robson-on-politics Thurs 2 June
robson-on-politics Thurs 2
robson-on-politics, a newsletter from Matt Robson MP Deputy Leader of the Progressive Party www.progressiveparty.org.nz
Thurs 2 June
Protecting our democracy
Yesterday, I presented the Privileges Committee's report on our deliberations on the question of protecting Members of Parliament's ability to speek freely in the House without fear or favour. The constitutional provision in New Zealand is that courts will not adjudicate on the proceedings of Parliament, just as Parliament must not obstruct or interfere with what happens in the courts or on how judges' decisions are arrived at. These are basic issues that go to the heart of being a representative, parliamentary democracy. The right to a a strong democracy is inalienable today thanks to the struggle for democracy begun by our ancestors in the 17th Century. http://www.progressive.org.nz/modules.php?name=News&file=article&sid=1836
Citizens' inalienable rights
Protecting parliamentarians from potential bullying from dictatorial monarchs and powerful corporate lobby groups, however, is not a cloak or barrier to stop MPs from being accountable. MPs should be held to account if they unfairly abuse parliamentary privilege and hurt innocent Kiwi families. The NZ First Party, which would be an integral component of any future four-headed coalition that Don Brash hopes to cobble together, is now drawing innocent children into its attacks on skilled new settlers in NZ.
There are innocent Kiwi
children worried about going to school in fear of the
reaction they may get from their schoolmates because of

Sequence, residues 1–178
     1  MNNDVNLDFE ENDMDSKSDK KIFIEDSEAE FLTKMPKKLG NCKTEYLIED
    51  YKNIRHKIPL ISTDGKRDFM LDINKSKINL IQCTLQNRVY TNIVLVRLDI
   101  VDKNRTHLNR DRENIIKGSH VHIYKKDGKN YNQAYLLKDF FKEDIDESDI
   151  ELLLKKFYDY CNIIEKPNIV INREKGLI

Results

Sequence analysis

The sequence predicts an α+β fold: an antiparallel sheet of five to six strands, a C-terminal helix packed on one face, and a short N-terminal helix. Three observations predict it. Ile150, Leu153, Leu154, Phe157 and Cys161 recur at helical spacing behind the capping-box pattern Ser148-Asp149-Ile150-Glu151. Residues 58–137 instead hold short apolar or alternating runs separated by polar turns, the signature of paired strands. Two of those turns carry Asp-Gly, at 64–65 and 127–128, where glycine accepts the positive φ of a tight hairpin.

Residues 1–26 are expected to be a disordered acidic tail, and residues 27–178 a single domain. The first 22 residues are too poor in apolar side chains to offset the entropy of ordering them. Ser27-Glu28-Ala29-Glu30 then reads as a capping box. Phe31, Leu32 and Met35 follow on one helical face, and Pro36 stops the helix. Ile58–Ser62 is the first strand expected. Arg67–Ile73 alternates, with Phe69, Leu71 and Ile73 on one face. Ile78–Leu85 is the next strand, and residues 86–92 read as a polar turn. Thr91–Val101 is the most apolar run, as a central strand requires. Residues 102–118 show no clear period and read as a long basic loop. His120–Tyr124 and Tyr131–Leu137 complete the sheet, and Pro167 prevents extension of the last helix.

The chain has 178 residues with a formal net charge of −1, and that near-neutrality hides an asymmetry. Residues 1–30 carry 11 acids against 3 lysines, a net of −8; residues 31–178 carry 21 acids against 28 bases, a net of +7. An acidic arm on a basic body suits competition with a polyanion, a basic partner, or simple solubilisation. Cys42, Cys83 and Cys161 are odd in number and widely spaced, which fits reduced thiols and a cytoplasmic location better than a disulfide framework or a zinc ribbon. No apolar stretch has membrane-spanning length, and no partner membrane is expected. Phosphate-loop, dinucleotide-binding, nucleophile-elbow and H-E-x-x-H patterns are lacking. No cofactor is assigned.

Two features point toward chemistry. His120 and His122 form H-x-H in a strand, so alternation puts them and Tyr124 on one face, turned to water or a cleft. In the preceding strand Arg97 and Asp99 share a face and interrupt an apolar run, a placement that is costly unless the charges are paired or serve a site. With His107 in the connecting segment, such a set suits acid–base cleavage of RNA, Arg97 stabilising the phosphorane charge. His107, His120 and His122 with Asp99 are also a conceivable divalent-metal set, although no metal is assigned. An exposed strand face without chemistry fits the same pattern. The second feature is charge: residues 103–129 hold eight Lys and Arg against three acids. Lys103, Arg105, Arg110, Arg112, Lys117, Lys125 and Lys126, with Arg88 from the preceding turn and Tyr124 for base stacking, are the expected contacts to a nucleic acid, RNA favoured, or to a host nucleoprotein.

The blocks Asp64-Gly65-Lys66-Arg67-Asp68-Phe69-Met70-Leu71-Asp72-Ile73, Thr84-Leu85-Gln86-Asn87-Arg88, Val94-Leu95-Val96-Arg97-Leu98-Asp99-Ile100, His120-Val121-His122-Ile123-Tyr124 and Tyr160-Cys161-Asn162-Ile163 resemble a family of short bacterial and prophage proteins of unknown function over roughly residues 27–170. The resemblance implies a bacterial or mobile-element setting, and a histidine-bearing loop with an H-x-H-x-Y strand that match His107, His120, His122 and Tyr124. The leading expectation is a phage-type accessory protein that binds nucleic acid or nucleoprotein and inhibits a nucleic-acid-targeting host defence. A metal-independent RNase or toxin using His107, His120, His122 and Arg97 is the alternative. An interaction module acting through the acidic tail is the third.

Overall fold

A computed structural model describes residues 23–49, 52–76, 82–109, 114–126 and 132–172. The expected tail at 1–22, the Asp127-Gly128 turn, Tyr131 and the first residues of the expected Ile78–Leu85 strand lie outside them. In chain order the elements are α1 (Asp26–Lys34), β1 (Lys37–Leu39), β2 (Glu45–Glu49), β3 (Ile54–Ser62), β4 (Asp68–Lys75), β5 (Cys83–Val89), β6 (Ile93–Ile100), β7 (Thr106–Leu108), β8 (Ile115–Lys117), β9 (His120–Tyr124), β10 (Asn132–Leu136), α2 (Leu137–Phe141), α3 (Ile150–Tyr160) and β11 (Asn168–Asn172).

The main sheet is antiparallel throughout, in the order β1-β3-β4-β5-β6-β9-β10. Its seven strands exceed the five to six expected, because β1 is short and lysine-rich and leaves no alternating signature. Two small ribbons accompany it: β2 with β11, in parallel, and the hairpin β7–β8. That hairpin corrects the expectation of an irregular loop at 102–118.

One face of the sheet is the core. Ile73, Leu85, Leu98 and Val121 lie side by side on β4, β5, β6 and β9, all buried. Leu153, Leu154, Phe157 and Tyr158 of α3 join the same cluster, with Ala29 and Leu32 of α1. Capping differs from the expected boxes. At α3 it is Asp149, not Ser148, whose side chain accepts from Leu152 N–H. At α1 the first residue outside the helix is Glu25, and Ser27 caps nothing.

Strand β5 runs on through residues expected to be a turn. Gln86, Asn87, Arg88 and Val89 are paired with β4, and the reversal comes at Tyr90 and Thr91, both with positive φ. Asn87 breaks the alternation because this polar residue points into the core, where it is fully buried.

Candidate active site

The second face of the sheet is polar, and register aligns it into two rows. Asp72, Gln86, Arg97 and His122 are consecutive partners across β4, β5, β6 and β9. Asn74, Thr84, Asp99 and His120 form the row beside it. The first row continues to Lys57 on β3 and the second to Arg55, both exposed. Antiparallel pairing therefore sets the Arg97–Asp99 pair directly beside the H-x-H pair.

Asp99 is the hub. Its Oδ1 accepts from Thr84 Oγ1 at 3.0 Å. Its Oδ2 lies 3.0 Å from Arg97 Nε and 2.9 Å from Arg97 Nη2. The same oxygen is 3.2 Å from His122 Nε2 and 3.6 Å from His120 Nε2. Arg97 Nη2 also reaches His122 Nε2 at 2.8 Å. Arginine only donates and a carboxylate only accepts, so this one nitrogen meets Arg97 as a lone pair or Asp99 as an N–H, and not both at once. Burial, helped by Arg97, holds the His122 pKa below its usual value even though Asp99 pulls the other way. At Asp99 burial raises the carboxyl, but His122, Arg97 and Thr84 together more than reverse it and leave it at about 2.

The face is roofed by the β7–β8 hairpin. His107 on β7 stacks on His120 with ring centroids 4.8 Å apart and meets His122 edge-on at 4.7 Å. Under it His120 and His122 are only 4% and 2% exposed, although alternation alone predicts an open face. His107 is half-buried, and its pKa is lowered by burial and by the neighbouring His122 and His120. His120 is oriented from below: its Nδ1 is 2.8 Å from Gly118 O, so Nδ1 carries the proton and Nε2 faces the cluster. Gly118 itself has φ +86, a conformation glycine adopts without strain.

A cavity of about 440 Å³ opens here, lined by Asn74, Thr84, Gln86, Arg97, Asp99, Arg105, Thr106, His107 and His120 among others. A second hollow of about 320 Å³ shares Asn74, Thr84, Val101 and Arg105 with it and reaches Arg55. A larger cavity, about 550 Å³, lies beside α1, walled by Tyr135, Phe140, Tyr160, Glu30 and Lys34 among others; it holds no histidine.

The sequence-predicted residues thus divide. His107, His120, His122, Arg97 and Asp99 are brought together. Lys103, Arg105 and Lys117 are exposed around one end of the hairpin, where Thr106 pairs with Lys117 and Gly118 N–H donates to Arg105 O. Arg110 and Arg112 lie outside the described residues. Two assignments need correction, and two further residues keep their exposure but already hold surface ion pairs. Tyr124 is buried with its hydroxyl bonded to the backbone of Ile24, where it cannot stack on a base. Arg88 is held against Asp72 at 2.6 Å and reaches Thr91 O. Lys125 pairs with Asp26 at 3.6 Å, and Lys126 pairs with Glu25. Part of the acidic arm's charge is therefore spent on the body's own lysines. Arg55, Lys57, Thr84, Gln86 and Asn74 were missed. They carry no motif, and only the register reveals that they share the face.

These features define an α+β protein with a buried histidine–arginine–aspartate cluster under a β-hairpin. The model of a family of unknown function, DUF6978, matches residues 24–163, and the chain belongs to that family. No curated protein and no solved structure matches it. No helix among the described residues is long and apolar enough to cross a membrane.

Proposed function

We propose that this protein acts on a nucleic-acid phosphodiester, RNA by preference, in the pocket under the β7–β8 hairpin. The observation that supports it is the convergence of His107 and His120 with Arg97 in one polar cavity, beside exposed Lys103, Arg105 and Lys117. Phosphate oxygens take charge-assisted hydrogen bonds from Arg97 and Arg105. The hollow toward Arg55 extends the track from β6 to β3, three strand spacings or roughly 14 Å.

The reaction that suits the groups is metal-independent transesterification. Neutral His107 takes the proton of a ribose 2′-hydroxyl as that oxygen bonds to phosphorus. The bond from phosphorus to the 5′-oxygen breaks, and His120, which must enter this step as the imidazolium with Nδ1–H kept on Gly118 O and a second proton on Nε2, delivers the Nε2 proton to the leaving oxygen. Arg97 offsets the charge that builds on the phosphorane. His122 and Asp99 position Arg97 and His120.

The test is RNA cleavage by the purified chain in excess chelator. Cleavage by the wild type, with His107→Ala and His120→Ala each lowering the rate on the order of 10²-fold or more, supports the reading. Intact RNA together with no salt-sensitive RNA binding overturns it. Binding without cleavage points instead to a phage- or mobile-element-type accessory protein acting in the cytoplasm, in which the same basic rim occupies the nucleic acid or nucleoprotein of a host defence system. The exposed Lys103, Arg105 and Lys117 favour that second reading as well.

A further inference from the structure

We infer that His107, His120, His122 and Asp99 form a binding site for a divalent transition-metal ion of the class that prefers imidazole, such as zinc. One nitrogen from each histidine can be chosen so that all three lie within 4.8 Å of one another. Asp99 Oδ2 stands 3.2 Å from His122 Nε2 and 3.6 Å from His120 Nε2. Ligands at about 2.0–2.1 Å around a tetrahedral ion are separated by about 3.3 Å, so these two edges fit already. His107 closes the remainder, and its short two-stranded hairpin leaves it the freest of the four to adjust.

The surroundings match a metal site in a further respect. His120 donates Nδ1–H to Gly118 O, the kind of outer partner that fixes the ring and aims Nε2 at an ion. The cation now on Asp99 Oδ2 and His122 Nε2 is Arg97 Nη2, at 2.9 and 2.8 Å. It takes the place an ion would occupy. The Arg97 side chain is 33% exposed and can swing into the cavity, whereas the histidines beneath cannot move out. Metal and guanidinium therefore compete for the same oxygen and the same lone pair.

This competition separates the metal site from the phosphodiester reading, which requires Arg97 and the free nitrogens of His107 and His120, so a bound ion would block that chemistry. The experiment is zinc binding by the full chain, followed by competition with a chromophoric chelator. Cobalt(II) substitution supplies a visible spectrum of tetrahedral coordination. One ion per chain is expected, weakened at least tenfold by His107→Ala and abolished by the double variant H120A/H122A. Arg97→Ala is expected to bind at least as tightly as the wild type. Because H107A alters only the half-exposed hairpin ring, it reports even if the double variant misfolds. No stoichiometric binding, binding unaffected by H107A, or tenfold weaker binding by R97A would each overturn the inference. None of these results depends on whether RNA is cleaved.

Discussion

incredible accusations about their foreign-born parents made
by the NZ First Party. So where is Don Brash's leadership of
the Right Wing Alliance when Kiwi families are being hurt in
this way? Well, National's response is to get one of its own
junior M.P.s to mimic NZ First in a strategy which is bad
for law and justice and bad our economy as well.
Momentum for alcohol harm reduction Bill
We have a representative democracy which people overseas, from China to Zimbabwe, and from Tonga to Saudi Arabia, respect and admire . In a democracy, politicians listen to the public, especially on serious social issues like alcohol and the damage it is having on some young people and those who love them. Indicative of our healthy democracy, I can report that the momentum continues to grow in favour of my Sale of Liquor (Youth Harm Reduction) Amendment Bill winning a majority of Parliament's support to proceed to select committee. At select committee, parents, community representatives and frontline workers in the Health and Police departments can be heard: They can have their say on appropriate alcohol broadcast advertising law. At select committee, the public can have their say on appropriate controls to protect vulnerable young children from being supplied with liquor and can have their say on whether we should, like Canada and the States, have a higher minimum alcohol purchasing age.
Seeking just three more MPs
As of today, 58 MPs are saying they will support my Bill proceeding to select committee when Parliament votes on this issue on next Wednesday, June 8. That means I seek the support of three more MPs to get the 61 majority we need to secure the public's right to have its say. The opponents of select committee scrutiny of course includes United leader Peter Dunne and almost all in ACT and the Greens. But I find it incredible that 22 Labour and ten National MPs apparently remain opposed to this Bill proceeding.
Details of MPs voting intentions are at http://www.20years.co.nz I'm finding it hard to accept that an associate Health Minister could be in the opposition camp along with the Police Minister - this is a public health and safety issue. I'm also finding it hard to comprehend that the MP for Waiariki may oppose the Bill and that the MPs for Ikaroa-Rawhiti, Te Tai Tonga and Tamaki Makaurau have yet to come out strongly in favour of the Bill.